By Caroline Santoro
Innovation in our digital world has brought with it an onslaught of ethical implications that we have scarcely begun to consider. What used to exist as science fiction is now becoming reality. We must evaluate what this could mean for our society before we are overwhelmed by invasive algorithms, job-stealing robots, and artificial intelligence that is superior to our own.
For example, a risk assessment system called COMPAS is used in the United States Justice System to predict convicts’ recidivism rate, or how likely they are to reoffend. The algorithm is responsible determining bail amounts and sentence lengths across the country. However, when news organization ProPublica analyzed COMPAS for algorithmic bias, they found that, although it achieved similar accuracy for both white and black convicts in a tested Florida county, black convicts were twice as likely to be erroneously labeled a major risk by the system (Spielkamp, 2017). Should the justice system use technology like this when the potentially biased results could have an immense impact on the lives of Americans?
Two Stanford researchers used over 35,000 photos of self-identified homosexual and heterosexual faces from an online dating website to test how accurately an algorithm could predict the sexual orientation of a person using his or her face alone. Shockingly, the researchers reported that the algorithm distinguished heterosexual and homosexual men correctly 81% of the time and heterosexual and homosexual women correctly 71% of the time. LGBTQ groups and advocates find this to be a dangerous invasion of privacy, as homosexual people could be unfairly targeted using this software (Hawkins, 2017). The researchers responded, “We did not build a privacy-invading tool. We studied existing facial recognition technologies, already widely used by companies and governments, to see whether they can detect sexual orientation more accurately than humans.” They added, “We were terrified to find that they do. This presents serious risks to the privacy of LGBTQ people” (Kolinski & Wang, 2017). Whether their research is unethical or not, the existence of technology with these existing capabilities has frightening privacy implications for people regardless of their sexual orientation.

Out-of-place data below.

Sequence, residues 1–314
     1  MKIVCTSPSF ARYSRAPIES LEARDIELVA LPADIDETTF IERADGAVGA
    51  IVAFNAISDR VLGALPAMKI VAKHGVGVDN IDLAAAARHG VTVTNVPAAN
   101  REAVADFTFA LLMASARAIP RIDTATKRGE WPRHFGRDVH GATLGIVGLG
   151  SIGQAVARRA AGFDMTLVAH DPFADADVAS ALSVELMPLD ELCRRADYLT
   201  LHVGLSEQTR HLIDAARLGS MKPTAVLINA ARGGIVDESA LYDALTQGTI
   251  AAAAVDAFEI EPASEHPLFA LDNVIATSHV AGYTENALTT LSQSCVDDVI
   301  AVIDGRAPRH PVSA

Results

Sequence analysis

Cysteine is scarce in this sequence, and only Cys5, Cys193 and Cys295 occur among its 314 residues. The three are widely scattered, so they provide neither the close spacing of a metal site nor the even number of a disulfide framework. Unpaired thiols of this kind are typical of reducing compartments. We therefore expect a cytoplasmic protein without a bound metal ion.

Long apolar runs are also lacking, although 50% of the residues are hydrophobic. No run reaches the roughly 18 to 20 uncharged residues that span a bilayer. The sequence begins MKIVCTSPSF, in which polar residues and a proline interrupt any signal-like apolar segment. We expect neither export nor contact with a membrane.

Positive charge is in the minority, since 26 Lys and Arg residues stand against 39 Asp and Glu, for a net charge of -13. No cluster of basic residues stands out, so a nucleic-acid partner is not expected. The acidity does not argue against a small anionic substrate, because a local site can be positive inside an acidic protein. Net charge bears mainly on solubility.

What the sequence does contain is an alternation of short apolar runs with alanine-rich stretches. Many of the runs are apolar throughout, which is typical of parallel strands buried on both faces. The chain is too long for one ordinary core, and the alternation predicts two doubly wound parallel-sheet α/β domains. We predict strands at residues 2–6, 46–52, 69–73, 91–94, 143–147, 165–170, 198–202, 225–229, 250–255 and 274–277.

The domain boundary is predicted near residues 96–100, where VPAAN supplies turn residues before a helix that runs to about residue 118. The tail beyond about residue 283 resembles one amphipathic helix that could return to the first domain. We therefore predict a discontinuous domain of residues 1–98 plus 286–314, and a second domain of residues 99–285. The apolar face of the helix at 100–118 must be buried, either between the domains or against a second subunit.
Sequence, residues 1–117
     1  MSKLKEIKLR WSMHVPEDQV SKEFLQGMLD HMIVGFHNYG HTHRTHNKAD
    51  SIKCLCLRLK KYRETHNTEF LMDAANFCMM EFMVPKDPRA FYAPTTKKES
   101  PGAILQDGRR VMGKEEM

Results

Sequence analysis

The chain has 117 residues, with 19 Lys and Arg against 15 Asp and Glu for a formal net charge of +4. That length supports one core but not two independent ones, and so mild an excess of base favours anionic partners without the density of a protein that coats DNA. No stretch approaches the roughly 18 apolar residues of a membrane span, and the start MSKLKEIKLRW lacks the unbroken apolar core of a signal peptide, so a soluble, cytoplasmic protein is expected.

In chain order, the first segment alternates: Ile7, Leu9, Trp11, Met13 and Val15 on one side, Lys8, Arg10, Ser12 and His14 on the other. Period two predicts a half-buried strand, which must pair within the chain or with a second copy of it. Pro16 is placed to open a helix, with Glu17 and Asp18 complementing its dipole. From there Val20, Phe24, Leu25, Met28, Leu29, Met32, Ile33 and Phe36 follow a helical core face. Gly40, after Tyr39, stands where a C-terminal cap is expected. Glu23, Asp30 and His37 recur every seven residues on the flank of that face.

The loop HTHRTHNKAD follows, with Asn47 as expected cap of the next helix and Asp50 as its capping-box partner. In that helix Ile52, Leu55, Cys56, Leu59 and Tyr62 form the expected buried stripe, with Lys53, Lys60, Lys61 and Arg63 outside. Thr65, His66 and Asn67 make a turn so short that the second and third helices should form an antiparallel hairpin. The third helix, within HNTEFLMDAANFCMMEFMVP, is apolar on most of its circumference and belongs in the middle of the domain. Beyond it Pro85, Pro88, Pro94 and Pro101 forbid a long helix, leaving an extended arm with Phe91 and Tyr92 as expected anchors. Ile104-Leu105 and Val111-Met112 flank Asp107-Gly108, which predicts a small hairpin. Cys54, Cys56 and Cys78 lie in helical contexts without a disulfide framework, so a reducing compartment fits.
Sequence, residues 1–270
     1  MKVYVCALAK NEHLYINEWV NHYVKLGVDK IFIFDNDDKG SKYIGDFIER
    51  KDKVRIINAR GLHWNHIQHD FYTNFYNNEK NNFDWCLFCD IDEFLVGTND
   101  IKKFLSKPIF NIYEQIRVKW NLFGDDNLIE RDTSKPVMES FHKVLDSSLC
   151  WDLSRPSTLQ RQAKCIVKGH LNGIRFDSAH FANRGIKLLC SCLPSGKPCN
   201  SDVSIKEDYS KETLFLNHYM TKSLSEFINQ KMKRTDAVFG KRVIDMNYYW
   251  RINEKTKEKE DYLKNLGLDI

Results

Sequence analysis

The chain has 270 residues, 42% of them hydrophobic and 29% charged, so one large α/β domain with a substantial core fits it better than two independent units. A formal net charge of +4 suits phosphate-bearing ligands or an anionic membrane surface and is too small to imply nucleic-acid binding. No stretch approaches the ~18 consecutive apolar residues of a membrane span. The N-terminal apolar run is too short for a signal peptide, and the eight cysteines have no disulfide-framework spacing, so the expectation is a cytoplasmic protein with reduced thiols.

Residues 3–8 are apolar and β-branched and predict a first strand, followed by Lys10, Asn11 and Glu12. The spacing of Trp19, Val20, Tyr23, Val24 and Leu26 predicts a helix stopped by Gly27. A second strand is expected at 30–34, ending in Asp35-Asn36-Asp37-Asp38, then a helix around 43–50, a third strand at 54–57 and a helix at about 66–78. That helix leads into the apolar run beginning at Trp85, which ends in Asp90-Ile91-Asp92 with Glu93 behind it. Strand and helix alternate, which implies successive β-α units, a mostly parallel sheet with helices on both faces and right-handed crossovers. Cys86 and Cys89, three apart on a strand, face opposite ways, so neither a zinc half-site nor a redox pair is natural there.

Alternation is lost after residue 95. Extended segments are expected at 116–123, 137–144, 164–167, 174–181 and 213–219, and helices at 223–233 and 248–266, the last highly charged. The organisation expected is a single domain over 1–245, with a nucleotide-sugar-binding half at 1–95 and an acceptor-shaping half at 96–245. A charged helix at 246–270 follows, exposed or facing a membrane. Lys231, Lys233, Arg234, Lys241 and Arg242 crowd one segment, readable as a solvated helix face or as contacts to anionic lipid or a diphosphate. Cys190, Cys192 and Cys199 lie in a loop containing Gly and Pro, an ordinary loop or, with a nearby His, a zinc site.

Frrole, an artificial intelligence company, recently developed DeepSense, a service that allows companies to create personality profiles of job applicants. These comprehensive personality reports are quite different from anything else online because in addition to organizing and reporting on an applicant’s online presence, the algorithm makes predictions about the qualities of the person. For example, in the DeepSense personality profile created for President Trump, his personality is described as “Easily excitable and sensitive. Passionate and impulsive, he wears his emotions on his sleeve. He is slightly emotional and judgmental. He is usually competitive and challenging as well as frank” (DeepSense, 2017). Companies seeing what news platforms a person uses and with which other accounts they interact is an opportunity for political and social discrimination. In addition, the personality predictions are taken from social media presence, which is not necessarily an accurate depiction of who the person is or how he or she would perform at a specific job.
Just as stem-cell research, therapeutic cloning, and gene editing gave rise to the field of bioethics, artificial intelligence and robotics will require ethical debate, regulation, and public policy to protect the privacy and livelihood of everyone affected by these world-changing technologies.
Frrole. “DeepSense – @realdonaldtrump.” Frrole DeepSense App, www.frrole.ai/deepsense-app/donaldtrump.
Hawkins, Derek. “Researchers Use Facial Recognition Tools to Predict Sexual Orientation. LGBT Groups Aren’t Happy.” The Washington Post, WP Company, 12 Sept. 2017, www.washingtonpost.com/news/morning-mix/wp/2017/09/12/researchers-use-facial-recognition-tools-to-predict-sexuality-lgbt-groups-arent-happy/?utm_term=.4cb3e39bb146.
Kosinski, Michal, and Yilun Wang. “Author’s Note.” Google Drive, Google , 28 Sept. 2017, https://docs.google.com/document/d/11oGZ1Ke3wK9E3BtOFfGfUQuuaSMR8AO2WfWH3aVke6U/edit?usp=sharing.
Spielkamp, Matthias. “Inspecting Algorithms for Bias.” MIT Technology Review, MIT Technology
Review, 12 June 2017, www.technologyreview.com/s/607955/inspecting-algorithms-for-bias/.
Thibodeaux , Wanda. “This Artificial Intelligence Can Predict How You’ll Behave At Work Based on Social Media.” Inc. , 3 Nov. 2017, www.inc.com/wanda-thibodeaux/this-artificial-intelligence-can-use-social-media-to-tell-hiring-managers-about-your-personality.html.